Giving a new life to a late ’60s family home

This home is just outside of the village of Skaneateles just past a very old (former) dairy farm and in an area that is a comfortable community of family homes mostly all built in the ’60s and ’70s.  Certainly times and standards were different and most home buyers and builders at that time preferred to compartment the kitchen, dining, and living areas.  That was certainly the case when this house was built.  It was a comfortable well-loved home for more than 50 years.  This house and its single-level of bedrooms and living area speak to a great many buyers looking to downsize or just starting-out.

What struck us when we were considering purchasing the home was it’s total originality – no ill-advised additions or enclosed porches and the simplicity of working on a home’s systems when it was all on one level above a walk-out lower level.  Yes, it needed everything from the roof to a foundation repair but we could envision making this home ‘new again.’  That’s what we did.

First things first, a new roof went on before we started any other major work.  We knew the exterior dimensions wouldn’t change so replacing the 50 year old cedar shingles was a priority.  Cedar shingles are very hardy – especially from that time period – as many of them were made from old-growth cedar trees.  Alas, they were at the end of their life so it was time for a modern roof.

Next up was the demolition of the walls between kitchen, living and dining areas.  All were features of a previous era and perfectly appropriate for the time.  We move more much more fluidly between living/dining/cooking now and this layout seemed perfect for that.  It’s not a huge house so making the most of the space was at the top of our list.  This also gave us a chance to put a wall up at the entrance to the front door making a foyer and not having the outside weather coming in when the door opened.

The other ‘cool’ feature of this home which we knew right away would 400-500 square feet of living space was the lower level/basement that included a very large 2-car garage.  The previous owner had a work shop downstairs that had a clear purpose but today’s families like a place where they can spread out and relax or have a quiet place to work so after ensuring we had a watertight wall, we began filling in this space with walls, sheetrock, and heating/cooling.  The duct work went in about this time as well.  The home had a baseboard hot-water heating system which was the standard of the time and still very much liked but we knew to make a home ‘new again’ required putting in central air-conditioning and to do that you need duct work so out the old heating system came and in goes ductwork throughout the house and a new efficient gas furnace along with the central air-conditioning.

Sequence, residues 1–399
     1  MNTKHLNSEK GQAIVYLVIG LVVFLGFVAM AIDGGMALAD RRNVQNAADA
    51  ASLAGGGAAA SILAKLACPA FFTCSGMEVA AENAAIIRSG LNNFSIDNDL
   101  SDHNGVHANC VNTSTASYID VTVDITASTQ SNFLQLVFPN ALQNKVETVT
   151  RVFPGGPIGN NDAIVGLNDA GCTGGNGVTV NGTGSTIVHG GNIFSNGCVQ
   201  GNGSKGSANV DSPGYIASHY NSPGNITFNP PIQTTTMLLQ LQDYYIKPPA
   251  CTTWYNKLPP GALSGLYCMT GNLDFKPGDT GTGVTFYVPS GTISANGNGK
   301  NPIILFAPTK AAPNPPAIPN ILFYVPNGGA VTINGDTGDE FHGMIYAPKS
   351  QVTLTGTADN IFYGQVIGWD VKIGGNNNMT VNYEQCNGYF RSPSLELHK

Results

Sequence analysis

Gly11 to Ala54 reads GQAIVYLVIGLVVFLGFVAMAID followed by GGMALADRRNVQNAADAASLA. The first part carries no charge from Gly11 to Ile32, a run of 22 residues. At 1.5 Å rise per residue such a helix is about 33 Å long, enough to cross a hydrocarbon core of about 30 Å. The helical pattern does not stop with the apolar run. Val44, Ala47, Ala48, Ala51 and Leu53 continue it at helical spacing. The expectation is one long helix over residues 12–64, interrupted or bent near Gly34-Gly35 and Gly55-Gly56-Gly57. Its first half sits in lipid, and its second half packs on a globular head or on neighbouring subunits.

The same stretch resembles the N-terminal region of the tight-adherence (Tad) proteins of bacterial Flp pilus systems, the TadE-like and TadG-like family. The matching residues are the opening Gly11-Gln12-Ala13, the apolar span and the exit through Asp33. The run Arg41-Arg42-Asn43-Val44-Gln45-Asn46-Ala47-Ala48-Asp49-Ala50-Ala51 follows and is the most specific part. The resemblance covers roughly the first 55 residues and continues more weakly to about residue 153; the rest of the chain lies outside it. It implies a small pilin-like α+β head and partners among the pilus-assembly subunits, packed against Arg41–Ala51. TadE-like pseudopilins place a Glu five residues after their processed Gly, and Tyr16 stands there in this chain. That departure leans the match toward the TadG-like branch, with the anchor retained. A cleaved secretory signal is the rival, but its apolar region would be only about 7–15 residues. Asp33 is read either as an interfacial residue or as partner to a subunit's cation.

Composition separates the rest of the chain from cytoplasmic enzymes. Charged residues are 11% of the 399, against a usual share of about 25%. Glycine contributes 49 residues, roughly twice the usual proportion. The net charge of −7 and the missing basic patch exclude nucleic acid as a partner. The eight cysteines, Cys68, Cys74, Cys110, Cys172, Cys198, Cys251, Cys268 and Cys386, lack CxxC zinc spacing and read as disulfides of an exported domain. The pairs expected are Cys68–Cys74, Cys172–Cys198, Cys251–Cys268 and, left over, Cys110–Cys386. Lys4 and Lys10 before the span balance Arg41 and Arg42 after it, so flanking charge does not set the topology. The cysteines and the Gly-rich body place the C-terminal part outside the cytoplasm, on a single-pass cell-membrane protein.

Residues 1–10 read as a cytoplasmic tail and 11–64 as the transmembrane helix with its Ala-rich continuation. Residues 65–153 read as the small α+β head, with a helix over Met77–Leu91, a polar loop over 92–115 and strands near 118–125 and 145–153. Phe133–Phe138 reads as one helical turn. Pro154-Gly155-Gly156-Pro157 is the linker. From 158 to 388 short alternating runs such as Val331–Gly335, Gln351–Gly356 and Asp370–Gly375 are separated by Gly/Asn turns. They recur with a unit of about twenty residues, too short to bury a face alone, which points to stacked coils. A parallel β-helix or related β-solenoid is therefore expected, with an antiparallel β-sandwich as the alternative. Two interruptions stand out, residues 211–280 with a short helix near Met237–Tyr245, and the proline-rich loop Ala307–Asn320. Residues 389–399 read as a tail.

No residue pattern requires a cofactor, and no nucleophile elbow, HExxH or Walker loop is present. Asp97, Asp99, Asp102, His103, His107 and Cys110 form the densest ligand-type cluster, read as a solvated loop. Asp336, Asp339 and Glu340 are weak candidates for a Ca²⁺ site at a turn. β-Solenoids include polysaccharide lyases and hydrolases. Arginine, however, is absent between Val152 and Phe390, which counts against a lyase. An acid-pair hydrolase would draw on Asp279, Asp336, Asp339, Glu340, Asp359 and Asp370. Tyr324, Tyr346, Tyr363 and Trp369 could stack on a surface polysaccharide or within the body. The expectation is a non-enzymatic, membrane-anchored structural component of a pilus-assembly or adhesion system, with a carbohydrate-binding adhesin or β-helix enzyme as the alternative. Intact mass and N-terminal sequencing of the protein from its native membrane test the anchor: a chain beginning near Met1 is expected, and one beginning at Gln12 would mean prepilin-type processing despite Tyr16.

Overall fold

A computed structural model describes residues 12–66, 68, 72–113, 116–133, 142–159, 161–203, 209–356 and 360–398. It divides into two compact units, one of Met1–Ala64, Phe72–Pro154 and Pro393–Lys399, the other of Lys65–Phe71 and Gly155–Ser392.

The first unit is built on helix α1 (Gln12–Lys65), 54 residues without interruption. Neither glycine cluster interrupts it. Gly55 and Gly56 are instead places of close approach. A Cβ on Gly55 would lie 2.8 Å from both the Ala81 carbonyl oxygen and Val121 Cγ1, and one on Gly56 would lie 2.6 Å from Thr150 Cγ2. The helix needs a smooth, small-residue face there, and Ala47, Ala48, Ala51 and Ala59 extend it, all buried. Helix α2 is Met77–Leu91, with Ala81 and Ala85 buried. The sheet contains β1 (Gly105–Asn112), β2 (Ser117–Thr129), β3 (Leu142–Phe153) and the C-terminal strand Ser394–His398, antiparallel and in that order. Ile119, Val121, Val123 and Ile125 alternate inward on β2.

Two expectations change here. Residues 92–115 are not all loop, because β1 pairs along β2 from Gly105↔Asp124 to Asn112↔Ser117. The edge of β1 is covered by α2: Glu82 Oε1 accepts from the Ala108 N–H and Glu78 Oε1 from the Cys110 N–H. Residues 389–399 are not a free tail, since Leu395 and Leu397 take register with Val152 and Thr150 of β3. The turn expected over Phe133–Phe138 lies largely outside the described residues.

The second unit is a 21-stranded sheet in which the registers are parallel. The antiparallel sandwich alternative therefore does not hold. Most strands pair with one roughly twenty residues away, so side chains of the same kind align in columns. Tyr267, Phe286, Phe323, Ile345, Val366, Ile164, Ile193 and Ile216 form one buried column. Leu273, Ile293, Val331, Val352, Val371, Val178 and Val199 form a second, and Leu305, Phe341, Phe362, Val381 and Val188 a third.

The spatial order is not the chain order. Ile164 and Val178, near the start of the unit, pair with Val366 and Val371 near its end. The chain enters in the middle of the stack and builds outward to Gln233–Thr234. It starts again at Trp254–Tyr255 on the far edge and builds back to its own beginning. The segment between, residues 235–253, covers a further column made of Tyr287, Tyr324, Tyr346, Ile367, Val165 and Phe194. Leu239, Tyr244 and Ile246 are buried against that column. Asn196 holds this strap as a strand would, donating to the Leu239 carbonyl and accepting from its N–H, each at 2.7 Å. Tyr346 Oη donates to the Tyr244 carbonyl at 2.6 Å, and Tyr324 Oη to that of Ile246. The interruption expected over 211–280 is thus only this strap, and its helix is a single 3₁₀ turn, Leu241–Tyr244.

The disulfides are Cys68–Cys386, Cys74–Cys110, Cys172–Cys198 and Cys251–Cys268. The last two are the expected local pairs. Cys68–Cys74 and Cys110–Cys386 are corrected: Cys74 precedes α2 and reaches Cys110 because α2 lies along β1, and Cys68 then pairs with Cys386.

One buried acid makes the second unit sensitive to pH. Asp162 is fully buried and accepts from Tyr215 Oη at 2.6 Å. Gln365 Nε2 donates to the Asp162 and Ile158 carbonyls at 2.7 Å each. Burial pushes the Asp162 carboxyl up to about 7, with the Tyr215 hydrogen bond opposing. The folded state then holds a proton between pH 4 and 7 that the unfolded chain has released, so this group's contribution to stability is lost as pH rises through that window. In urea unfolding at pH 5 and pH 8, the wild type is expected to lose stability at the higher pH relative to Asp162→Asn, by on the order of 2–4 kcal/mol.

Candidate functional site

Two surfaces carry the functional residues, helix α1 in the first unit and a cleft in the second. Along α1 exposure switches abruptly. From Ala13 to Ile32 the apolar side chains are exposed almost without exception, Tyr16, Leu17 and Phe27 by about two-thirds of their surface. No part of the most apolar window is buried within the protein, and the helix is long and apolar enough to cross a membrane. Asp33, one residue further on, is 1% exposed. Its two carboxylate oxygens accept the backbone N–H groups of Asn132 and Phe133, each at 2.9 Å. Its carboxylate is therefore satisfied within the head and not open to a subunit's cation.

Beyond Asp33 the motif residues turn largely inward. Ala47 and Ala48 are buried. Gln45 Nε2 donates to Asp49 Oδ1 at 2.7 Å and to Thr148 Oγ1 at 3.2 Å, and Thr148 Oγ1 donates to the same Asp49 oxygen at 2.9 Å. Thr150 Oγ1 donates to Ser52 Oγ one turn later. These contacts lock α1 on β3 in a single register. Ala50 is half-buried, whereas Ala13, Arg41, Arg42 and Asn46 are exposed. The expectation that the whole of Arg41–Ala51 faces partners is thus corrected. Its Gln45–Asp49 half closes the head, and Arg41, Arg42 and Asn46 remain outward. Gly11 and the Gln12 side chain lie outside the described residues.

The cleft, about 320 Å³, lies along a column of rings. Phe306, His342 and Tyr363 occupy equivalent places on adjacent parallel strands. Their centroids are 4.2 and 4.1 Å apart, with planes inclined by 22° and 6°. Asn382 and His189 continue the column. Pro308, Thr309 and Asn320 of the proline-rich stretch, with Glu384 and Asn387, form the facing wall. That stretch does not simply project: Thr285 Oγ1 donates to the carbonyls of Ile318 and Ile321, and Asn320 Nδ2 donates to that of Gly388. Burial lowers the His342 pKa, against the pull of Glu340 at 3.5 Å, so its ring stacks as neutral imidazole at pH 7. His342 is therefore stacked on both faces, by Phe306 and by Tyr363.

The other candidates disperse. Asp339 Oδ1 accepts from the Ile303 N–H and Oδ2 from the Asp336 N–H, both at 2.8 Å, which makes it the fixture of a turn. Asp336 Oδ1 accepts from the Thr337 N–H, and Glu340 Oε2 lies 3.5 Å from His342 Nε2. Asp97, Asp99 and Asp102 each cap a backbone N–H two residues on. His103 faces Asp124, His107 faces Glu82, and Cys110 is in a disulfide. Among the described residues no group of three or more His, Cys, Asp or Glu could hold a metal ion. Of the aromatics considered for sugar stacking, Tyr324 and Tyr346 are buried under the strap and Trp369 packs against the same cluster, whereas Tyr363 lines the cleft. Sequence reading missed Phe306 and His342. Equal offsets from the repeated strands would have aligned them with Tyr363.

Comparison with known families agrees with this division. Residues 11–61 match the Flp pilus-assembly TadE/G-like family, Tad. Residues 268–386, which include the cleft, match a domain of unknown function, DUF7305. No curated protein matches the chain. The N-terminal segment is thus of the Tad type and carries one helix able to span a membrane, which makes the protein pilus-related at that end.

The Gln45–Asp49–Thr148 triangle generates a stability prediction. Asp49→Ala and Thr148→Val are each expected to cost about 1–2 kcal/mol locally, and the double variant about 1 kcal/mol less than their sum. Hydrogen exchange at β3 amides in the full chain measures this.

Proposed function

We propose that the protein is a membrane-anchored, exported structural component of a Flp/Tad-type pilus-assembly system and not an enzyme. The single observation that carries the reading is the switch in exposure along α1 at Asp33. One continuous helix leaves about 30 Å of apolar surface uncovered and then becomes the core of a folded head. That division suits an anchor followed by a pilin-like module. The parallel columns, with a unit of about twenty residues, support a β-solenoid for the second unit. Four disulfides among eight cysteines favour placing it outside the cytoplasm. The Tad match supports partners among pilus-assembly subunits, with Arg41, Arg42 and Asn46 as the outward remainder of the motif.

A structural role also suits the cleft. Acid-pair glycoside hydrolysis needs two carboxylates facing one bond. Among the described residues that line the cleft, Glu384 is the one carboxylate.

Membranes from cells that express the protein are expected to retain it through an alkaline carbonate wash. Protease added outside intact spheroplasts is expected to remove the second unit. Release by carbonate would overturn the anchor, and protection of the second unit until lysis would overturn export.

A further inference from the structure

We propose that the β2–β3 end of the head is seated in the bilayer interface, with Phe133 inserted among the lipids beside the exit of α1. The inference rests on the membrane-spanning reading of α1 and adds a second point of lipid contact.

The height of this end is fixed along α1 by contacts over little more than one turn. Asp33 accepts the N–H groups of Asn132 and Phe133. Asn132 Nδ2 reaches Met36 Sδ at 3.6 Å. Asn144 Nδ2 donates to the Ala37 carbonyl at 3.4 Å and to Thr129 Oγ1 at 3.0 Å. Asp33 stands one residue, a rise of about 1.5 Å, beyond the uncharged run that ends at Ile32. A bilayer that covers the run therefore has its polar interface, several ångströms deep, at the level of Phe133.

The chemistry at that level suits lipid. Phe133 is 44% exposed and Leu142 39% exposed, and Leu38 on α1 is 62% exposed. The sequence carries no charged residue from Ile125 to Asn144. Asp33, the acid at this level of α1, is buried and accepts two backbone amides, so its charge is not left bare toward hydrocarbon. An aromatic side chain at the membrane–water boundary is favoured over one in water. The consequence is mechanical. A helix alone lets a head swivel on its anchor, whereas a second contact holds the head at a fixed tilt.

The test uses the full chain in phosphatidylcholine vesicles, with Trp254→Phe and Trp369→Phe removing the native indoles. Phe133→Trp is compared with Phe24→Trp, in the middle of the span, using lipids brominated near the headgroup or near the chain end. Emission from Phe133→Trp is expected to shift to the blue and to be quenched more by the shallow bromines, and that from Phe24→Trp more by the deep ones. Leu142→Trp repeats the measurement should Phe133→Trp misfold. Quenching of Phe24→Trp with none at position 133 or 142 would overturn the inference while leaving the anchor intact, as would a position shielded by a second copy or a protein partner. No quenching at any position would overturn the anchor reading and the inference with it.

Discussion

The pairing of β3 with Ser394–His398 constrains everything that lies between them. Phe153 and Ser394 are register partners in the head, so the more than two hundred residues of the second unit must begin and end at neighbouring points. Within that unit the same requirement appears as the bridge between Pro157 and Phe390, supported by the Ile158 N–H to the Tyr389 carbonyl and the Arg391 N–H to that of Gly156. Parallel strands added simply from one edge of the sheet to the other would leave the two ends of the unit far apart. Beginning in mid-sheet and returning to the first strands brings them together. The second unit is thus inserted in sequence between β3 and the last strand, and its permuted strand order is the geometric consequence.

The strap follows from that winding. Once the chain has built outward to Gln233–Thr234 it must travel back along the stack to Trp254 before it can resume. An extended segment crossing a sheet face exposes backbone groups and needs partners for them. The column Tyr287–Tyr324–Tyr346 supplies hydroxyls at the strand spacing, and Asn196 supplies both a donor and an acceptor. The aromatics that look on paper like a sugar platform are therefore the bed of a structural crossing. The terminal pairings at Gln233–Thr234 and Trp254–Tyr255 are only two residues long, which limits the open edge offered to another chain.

Kitchens, more than anything else, reflect the depth of any renovation and this one is new from the flooring up.  In the new open space, there’s room for an island with an extended counter top suitable for eating from, new plumbing, new electrical and finally new cabinets.  Because we removed so many walls and doors, here was a our chance to make a statement with new tile floors in the kitchen and dining area along with modern lighting

The full bath and a half bath were also stripped down to the basics and new plumbing went in along with tile surrounding the tub, new fixtures and lighting.  The half bath also accomodates a full size washer and dryer stacked without having to go down the stairs.

We were hopeful the solid oak flooring could be brought back to life and we were not disappointed.  Sanding the floors brought them back to brand new and a couple of coats of polyurethane ensured they’ll stay that way for decades to come.  The wood floors in the living room and all three bedrooms were free of gouges and, again, were a sign the home had been well cared for.


Outside, we had some work to do.  The old landscaping timber holding back the yard on both sides of the driveway was slowly giving way.  The fine people at Skaneateles Excavation did an excellent job of not only putting in a more permanent solution ensuring no erosion but also adding steps to both sides of the driveway all made of stone.  The back deck was in good shape and needed a little cleaning up and some trim replacement but now shines like new as well.  Oh yes, and now the house is a light gray thanks to the always helpful and enjoyable to be around Daniel Rebhahn.

We’re very pleased with the new look of this home, the finishes, and the ‘flow’ from room-to-room.

The downstairs family room which has a door into the garage really adds a great deal of space to the house and could be used for many purposes.  From the garage, a large bench greets you and has plenty of coat hooks and shoes space.  The flooring is from our favorite carpet provider:  Flor.  These carpet tiles provide a durable and easy to install comfortable surface that is also easily replaced if one becomes stained or damaged.


It’s all ready for a new owner!  It’s just a couple of miles from the center of Skaneateles village with years of maintenance-free living ahead of it.

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